There are other resource implications with the apprenticeship route. The employer is embarking on a five to six year apprenticeship contract while revising strategies to suit a recruitment process for, potentially, 18-19 year olds who have completed their studies in further education and who may not have had permanent full-time jobs.
The potential apprentices may not have a deep pool of experience to test for the skills and attributes that are being sought and policies and strategies will need to be revised.
The recommended minimum academic qualification are five GCSEs, including mathematics and English and 3 A-levels (or equivalent) with a minimum grade C. However, law firms can set their own entry requirements.
Firms need to have this on their radar, as there is a need to revise their recruitment strategies for this route.
In addition, the apprentices are juggling a full-time professional role with part time study in academia, so firms need to consider training support for apprentices over the lengthy apprenticeship.
The next generation of students
The recently published Auger Report has made a series of recommendations about the funding of further and higher education. If implemented, this will directly impact anyone considering study at university.
The headlines have been about the reduction in tuition fees from £9,500 to £7,250. This would suggest a saving for graduates, however there is an aligned extension to the period of repayment from 30 years to 40 years.
This will not impact lower paid graduates or very highly paid graduates. The potential changes to tuition fees and repayment of those fees throws into very sharp focus the options for young people and which route to choose to achieve their career goals.
A solicitor apprenticeship is a route to qualification without the graduate repayment of university fees. Risk-averse learners could be attracted by the certainty of an income and development of direct professional experience leading to qualification that is offered by the apprenticeship route.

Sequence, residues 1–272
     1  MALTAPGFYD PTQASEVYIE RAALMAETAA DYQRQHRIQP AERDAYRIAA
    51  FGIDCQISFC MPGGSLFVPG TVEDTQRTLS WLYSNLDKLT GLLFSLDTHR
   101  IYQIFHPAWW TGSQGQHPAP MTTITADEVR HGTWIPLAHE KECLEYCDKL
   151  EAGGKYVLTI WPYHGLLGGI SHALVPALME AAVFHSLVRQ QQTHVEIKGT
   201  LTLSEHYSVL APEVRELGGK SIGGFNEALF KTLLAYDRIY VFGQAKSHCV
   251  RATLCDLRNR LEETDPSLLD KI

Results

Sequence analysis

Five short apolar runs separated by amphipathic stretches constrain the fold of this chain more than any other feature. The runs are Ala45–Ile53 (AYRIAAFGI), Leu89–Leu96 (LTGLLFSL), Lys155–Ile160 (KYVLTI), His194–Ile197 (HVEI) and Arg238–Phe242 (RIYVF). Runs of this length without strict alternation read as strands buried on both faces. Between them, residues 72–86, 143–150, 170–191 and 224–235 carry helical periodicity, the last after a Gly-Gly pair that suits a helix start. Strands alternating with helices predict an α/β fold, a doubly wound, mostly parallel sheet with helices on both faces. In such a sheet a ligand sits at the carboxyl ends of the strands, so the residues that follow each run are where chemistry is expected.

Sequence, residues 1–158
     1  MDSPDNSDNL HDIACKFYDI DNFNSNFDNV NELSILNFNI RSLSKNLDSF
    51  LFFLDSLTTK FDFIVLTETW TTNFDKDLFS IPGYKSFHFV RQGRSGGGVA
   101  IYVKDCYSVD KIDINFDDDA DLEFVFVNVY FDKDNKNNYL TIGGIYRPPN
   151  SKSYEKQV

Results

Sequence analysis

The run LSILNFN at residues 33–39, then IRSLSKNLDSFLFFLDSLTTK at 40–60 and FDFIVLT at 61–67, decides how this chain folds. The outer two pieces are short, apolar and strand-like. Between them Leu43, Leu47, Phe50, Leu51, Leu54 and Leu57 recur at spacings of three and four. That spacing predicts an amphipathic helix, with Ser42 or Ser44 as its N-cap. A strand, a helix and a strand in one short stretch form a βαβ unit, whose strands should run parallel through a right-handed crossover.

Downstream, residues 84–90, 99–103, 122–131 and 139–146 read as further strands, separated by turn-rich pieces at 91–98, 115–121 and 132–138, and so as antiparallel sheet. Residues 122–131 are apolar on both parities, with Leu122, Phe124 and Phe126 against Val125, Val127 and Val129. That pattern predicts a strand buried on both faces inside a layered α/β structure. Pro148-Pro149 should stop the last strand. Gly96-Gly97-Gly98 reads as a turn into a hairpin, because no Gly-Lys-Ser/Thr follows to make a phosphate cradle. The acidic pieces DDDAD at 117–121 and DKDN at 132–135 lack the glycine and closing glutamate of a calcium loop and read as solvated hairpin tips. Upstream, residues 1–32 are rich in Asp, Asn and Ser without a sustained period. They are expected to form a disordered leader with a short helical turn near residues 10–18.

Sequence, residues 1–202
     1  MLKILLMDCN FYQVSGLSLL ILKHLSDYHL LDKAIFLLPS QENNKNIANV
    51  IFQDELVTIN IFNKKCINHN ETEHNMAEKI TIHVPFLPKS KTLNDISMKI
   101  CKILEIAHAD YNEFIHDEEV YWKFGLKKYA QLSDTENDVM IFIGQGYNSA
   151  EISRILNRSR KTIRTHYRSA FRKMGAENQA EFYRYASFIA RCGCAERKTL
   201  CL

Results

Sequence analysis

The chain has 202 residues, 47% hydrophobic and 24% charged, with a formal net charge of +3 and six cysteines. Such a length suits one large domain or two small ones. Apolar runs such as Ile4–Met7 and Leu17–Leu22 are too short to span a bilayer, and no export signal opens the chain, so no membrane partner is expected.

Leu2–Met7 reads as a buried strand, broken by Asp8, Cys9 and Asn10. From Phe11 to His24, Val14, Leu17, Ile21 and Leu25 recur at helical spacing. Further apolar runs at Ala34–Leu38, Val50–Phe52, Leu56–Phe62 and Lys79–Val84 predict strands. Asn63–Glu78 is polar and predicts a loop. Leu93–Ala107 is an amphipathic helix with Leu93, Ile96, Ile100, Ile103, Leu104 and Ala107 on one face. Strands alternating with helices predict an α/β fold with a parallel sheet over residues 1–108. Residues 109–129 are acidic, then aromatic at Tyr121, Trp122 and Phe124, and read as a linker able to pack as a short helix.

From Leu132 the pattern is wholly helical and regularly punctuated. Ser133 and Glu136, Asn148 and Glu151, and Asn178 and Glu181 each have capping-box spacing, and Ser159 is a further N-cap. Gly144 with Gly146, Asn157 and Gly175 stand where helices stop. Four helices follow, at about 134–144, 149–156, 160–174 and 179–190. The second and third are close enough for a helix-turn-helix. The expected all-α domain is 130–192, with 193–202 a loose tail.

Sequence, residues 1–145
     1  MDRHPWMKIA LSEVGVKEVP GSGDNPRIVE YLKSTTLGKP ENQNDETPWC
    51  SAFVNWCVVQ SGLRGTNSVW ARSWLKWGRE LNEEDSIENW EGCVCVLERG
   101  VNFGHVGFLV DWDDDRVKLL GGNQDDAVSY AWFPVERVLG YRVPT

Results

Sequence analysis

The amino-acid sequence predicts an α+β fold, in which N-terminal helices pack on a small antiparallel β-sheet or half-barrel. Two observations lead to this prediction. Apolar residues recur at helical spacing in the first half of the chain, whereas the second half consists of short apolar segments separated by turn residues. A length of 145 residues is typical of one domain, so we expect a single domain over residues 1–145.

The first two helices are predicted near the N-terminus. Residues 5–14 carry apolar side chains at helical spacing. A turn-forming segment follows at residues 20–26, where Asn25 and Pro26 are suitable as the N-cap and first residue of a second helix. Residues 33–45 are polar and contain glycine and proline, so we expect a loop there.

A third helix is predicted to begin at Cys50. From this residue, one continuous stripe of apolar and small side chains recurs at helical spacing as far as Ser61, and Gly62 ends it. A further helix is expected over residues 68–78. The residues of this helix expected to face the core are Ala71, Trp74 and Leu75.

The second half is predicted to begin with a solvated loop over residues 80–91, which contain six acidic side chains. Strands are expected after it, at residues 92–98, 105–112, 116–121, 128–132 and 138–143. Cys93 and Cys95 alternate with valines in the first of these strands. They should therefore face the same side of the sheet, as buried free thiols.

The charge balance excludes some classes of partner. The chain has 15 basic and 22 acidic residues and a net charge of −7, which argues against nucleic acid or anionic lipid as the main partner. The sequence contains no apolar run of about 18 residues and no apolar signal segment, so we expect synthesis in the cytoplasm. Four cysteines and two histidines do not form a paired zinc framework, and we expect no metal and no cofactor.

And, although it is a government requirement that employers pay apprentices the national minimum wage, most law firms are paying more than the minimum wage, with salaries increasing as the apprentices develop their knowledge, skills and experience with increasing benefit to the firm.
Small but growing
The number of law firms employing solicitor apprenticeships is small compared to those taking the traditional route to qualification.
There are much greater numbers of paralegal apprentices and apprentices in a range of other business areas within law firms.
Firms such as Eversheds Sutherland and Addleshaw Goddard have employed solicitor apprentices.
The number of firms employing solicitor apprentices remains small but it is growing. This is because of the uncertainty about the SQE with details still emerging about this assessment not least that the cost of the SQE, which is part of the apprenticeship is still unclear.
The experiences of apprentices and law firms to date is very positive. It will be fascinating to evaluate the experiences of both learners and law firms when the first solicitor apprentices qualify through this route in two years’ time.
We will then have a period when solicitors will be qualifying under the current LPC/training contract route, at the same time as some graduates qualifying through the SQE qualification and others through the apprenticeship route.
Young people are already making career choices. Law firms have their budget and recruitment strategies.
Jackie Panter is associate head of Manchester Law School, Manchester Metropolitan University mmu.ac.uk